Confusion among emergency room doctors remains even after the Biden administration clarified this week that federal law allowing abortions in life-or-death situations supersedes any restrictions a state may have on the procedure.
Across the country, the Supreme Court ruling in Dobbs v. Jackson, which ended a woman’s constitutional right to abortion, has rattled physicians who must decide when abortions should be performed under the Emergency Medical Treatment and Labor Act.
The law requires doctors to stabilize or treat pregnant patients who experience a miscarriage or other medical emergency—even if state law prohibits the treatment. The Biden administration July 11 issued clarifying guidance on the responsibility to provide care under EMTALA. On Tuesday, the Centers for Medicare & Medicaid Services hosted a webinar to help answer questions about treating women with problem pregnancies under the law.
“If the only way to do that is to manage her miscarriage, or even give her an abortion, then federal law preempts any contrary state ban on abortion. That to me is crystal clear,” said Lawrence Gostin, faculty director of the O’Neill Institute for National and Global Health Law at Georgetown University.
Degree of Tension
All states allow doctors to terminate a pregnancy if the mother’s life is at risk, but questions remain about what constitutes a life-or-death situation.
“To this point I don’t know that there has been this degree of tension between what is required of us by the federal law and what potentially could be considered illegal in a state,” said Diana Nordlund, an attorney and emergency room physician in Grand Rapids, Mich.
Those concerns were echoed in a statement from Laura Wooster, senior vice president for advocacy and practice affairs at the American College of Emergency Physicians.
“While this HHS guidance is a welcome step, a significant amount of uncertainty remains for emergency physicians, particularly around the extent to which EMTALA protects emergency physicians’ duty to deliver lifesaving care to their patients,” Wooster said.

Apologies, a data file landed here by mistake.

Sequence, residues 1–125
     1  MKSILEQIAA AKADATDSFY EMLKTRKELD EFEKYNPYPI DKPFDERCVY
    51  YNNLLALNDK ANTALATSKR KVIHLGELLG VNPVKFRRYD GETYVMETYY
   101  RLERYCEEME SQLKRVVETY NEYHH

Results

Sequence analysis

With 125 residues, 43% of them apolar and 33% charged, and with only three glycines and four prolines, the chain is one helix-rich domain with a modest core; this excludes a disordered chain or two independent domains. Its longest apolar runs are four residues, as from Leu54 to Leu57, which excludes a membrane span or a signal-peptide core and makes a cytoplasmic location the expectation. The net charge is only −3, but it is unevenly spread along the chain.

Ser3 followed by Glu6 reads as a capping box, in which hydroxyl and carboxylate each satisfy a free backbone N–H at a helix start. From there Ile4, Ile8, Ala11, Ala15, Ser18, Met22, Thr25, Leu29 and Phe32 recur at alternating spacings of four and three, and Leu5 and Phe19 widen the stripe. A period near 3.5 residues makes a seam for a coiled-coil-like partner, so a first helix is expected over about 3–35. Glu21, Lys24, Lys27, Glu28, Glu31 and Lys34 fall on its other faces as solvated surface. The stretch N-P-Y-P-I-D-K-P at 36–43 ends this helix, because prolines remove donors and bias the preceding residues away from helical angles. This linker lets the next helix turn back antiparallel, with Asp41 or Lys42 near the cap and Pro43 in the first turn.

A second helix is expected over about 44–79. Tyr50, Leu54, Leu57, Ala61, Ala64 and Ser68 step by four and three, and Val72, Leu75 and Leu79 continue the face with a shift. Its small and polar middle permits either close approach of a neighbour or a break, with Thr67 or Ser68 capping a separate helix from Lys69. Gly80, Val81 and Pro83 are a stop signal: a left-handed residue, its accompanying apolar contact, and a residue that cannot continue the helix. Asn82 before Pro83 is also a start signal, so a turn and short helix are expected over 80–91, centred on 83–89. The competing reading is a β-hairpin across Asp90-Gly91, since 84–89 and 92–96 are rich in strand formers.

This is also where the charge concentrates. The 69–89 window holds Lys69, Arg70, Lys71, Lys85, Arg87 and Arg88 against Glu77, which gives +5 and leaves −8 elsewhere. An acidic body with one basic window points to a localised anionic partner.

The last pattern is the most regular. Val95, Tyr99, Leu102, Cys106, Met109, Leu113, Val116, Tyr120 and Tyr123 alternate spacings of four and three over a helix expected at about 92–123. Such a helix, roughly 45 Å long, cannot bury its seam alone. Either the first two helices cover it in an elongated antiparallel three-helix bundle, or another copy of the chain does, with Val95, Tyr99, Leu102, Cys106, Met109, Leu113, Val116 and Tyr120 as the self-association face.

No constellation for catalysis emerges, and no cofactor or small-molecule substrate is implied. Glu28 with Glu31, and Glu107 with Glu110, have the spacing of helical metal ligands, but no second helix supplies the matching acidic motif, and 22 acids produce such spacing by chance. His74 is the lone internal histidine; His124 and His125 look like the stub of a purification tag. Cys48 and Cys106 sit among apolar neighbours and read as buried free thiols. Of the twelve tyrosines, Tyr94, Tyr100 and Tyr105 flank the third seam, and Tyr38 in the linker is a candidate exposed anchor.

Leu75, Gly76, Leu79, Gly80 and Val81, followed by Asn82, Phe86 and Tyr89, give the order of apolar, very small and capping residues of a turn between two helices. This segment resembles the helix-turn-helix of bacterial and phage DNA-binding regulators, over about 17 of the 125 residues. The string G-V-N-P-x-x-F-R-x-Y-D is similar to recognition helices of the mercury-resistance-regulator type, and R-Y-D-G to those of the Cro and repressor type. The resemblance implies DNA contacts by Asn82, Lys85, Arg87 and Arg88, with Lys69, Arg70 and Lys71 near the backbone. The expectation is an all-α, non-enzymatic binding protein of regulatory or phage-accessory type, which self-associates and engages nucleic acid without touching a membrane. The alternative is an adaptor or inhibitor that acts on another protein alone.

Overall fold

ACEP is creating a “multidisciplinary team of medical experts to examine the wide range of clinical and legal implications that the Dobbs decision and any supporting guidance could have on emergency medicine, patient care and safety,” she added.
Sandra DiVarco, a partner at McDermott Will & Emery in Chicago, said she expects formal EMTALA complaints about inadequate care to increase because of the Dobbs decision. DiVarco, who represents hospitals and health systems, also expressed concern that emergency care for pregnant patients could suffer in states with very restrictive abortion laws.
“There’s a concern there could be a risk that there might be a delay in determining what to do next,” said DiVarco, who’s also a registered nurse.
Gostin agreed. “It’s possible emergency room physicians, uncertain of what their legal and ethical obligations are, will either refuse to do an abortion or delay. And so it will chill safe and effective medical care to preserve the health or save the life of the woman,” he said.
“There will be tens of thousands of women who will have irreversible health consequences or die as a direct result of state restrictions on abortion,” Gostin added.
Real-Time Information Needed
To avoid that scenario, the new ACEP committee will try to supply their doctors and other providers with information in real time on the rapidly changing state laws where they practice, Nordlund said.
“Certainly, we don’t want to see patients not receiving the care that is necessary for them because of concern about potential legal ramifications,” said Nordlund, who’s also an ACEP fellow.
“Because physicians already practice under the specter of medical malpractice action, so to then also be faced with potential criminal liability, even if it’s only theoretical at least in some states, is still daunting to a lot of physicians. So we really are seeking to provide clarity so that it is as clear and as efficient at the bedside as possible and folks get the care they need,” she said.
State medical societies are equally concerned. In Kentucky, a state court temporarily blocked one of the nation’s toughest anti-abortion laws. Kentucky’s “trigger law” makes it a Class D felony to perform abortions except when a “pregnant person’s life is in danger” or a provider performs a “medical treatment that accidentally terminates a pregnancy,” according to the Guttmacher Institute.
The statute and Supreme Court decision raise “a number of legal questions for Kentucky physicians,” said a statement from the Kentucky Medical Association. The group is “working with legal experts to analyze the various implications involved and the Association will be providing its members with further information to assist with navigating this new legal landscape.”